Some historians challenge the Cold War narrative upon which this ‘strategy’ is based, arguing that the Soviet Union collapsed from within with little help from the United States. That doesn't mean that the dangers of US implosion aren’t real, however.
Budget funds are tight. And, significantly, cracks are beginning to appear within the United States. National politics are increasingly polarized and paralyzed as the country debates how to get its economic house in order. A recent Wall Street Journal editorial told readers they have to choose between being a superpower or a welfare state. That is precisely the choice the new Cold Warriors would want us to face. Nothing could be more divisive or more capable of short-circuiting US politics. Nothing would be more detrimental to long-term US interests than to short-change the domestic investments needed to keep the country strong.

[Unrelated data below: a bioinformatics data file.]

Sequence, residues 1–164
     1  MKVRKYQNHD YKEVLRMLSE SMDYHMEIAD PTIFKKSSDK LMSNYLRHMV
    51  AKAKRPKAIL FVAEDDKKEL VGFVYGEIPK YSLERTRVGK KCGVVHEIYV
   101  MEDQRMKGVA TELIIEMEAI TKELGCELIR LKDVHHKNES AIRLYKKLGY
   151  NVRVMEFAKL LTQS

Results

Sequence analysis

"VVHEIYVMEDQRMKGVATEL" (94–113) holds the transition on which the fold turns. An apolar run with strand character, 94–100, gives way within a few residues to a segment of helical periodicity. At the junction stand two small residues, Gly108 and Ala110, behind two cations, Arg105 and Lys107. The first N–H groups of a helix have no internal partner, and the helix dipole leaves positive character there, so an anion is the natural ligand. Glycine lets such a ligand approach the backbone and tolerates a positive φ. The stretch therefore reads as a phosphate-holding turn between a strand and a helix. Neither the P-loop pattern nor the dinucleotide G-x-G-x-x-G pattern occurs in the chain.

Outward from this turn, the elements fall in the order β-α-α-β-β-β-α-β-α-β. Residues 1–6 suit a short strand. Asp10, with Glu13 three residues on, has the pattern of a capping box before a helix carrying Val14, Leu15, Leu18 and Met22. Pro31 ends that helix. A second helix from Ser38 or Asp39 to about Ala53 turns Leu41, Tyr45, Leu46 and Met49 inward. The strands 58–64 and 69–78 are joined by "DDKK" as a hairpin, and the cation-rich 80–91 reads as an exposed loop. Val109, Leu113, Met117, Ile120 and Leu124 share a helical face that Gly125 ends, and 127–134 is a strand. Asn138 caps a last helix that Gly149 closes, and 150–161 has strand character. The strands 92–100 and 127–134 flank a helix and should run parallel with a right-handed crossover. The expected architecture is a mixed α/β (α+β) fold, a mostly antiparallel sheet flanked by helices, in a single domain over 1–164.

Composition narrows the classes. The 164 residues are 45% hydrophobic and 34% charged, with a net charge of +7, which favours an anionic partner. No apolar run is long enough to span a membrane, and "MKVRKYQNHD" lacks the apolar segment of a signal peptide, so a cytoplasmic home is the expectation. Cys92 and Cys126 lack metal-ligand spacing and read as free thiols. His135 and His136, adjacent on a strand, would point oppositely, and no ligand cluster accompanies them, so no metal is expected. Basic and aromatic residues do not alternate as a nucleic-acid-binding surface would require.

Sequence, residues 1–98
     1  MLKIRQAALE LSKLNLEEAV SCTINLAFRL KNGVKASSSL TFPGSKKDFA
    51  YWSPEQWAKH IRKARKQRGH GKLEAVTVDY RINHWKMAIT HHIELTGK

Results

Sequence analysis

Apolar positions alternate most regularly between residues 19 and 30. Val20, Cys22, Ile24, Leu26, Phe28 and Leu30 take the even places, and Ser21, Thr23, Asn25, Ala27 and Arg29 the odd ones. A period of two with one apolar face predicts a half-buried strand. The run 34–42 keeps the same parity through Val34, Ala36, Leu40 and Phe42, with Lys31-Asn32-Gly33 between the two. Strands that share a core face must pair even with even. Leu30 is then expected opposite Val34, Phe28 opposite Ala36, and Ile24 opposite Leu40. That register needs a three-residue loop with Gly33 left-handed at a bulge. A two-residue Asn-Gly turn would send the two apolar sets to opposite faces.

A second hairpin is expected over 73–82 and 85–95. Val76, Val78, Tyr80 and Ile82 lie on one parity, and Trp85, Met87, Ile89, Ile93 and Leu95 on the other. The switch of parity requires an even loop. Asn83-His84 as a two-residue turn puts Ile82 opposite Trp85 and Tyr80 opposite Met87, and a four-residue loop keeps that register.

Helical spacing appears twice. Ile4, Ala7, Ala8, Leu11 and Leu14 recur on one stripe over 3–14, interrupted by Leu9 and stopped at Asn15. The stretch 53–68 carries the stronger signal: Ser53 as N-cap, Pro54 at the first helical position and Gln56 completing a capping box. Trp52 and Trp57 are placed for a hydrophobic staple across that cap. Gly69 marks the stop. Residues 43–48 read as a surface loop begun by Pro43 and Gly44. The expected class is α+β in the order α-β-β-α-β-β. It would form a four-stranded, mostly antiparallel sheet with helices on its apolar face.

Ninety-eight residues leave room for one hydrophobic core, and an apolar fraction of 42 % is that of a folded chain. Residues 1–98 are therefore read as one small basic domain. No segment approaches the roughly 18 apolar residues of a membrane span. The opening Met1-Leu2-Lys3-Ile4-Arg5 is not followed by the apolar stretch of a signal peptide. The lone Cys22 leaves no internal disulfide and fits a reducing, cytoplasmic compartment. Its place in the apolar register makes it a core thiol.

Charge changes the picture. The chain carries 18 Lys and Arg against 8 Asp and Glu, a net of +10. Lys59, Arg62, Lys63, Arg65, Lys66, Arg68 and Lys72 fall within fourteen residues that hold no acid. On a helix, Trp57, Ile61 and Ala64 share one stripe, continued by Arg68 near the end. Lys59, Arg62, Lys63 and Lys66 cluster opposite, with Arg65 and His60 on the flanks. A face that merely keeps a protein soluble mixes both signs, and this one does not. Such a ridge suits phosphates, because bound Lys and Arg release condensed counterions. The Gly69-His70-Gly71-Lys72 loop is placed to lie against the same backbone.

In addition, defence procurement has to be smarter and better focused. Force reductions are inevitable (and have been occurring) but they need not undermine US capabilities. Nor will they send the wrong signals to allies and adversaries if they are the result of a deliberate strategy.
Most important, the United States must better leverage its strengths, in particular its relationships with allies, friends and partners.
Alliances and relationships are force multipliers. The more tightly integrated the US and its allies, the more convincing the signal to potential adversaries that the United States is committed to the defence of those partners – in other words, it strengthens our deterrent. And that is the most important element of our security strategy in the Asia Pacific.
Brad Glosserman is executive director of the Pacific Forum CSIS in Honolulu.His opinion articles and commentary have appeared in the Japan Times,South China Morning Post, International Herald Tribune and Asian Wall Street Journal, among other publications.
This is an edited version of an article that originally appeared at CSIS Pacnet.